Analog Ears. Digital Minds.
                          www.UAudio.com
                          Follow us on Twitter.
                          Find us on Facebook.

                          Comment


                          • #14






                            Quote Originally Posted by UniversalAudio
                            View Post

                            Hey Craig - the Lexicon 224 Digital Reverb plug-in project took over a year from inception to completion.




                            Wow...and you even had the original algorithms as a basis, so I guess that means you spent a lot of time on the rest of the signal chain other than the reverb algorithms themselves. Well, at least your efforts did produce tangible results
                            _____________________________________________
                            There are now 14 music videos posted on my YouTube channel, including four songs by Mark Longworth. Watch the music video playlist, subscribe, and spread the links! Check back often, because there's more to come...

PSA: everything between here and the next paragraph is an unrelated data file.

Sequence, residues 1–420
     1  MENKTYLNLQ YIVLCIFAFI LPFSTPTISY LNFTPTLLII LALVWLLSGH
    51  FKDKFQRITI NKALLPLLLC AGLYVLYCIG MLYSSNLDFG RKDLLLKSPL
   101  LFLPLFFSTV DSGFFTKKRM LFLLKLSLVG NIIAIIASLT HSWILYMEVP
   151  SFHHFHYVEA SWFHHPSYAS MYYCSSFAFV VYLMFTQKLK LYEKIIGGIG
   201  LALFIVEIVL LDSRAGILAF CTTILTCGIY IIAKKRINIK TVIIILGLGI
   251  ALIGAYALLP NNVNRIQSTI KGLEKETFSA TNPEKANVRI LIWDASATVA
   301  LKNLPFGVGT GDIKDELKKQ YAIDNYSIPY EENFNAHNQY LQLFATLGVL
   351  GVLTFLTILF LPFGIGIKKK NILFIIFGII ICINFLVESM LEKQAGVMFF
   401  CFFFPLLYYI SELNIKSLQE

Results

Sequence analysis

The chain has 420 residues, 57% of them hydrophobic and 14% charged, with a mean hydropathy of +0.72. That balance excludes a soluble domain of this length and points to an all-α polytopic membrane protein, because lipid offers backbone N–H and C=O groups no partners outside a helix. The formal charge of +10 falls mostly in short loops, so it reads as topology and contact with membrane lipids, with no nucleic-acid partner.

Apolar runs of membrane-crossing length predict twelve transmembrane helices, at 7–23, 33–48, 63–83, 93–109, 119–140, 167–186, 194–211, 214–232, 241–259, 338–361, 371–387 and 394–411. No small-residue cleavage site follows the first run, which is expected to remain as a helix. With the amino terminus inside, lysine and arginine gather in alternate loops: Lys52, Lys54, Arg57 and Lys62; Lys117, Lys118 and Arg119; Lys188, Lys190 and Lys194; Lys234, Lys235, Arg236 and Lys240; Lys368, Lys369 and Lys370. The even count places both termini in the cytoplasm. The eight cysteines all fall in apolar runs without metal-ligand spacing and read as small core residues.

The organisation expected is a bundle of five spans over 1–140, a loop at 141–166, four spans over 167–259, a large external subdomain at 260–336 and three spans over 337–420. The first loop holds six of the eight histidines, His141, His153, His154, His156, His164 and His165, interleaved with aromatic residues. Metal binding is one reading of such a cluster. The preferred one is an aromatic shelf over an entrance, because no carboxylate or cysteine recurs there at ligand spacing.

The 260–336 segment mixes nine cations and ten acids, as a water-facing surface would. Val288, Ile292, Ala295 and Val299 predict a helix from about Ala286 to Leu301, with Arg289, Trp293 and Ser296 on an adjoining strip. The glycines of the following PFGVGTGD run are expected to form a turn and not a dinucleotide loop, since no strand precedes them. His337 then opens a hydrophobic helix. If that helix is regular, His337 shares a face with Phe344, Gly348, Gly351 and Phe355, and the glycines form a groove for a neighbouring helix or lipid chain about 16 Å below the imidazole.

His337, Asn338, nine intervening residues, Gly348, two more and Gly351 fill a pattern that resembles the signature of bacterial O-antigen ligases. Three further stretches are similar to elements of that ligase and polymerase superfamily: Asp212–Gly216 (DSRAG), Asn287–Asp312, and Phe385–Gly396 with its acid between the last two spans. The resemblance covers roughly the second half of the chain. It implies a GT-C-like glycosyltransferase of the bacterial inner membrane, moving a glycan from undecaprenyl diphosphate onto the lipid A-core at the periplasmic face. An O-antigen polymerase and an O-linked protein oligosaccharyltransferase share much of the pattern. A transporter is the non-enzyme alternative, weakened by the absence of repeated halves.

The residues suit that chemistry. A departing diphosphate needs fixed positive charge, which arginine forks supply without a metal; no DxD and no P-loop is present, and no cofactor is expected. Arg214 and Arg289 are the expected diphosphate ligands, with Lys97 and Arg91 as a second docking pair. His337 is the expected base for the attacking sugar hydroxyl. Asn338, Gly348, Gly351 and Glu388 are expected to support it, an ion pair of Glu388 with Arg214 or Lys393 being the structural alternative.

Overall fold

Comment


                            • #15
                              Indeed, in typical UA fashion we based our Lexicon 224 plug-in on the same algorithms and control processor code from the original Lexicon 224 hardware and version 4.4 firmware, and incorporated every piece of the signal chain into the design -- including the original unit's input transformers and early AD/DA 12-bit gain stepping converters.
                              Universal Audio
                              Analog Ears. Digital Minds.
                              www.UAudio.com
                              Follow us on Twitter.
                              Find us on Facebook.

                              Comment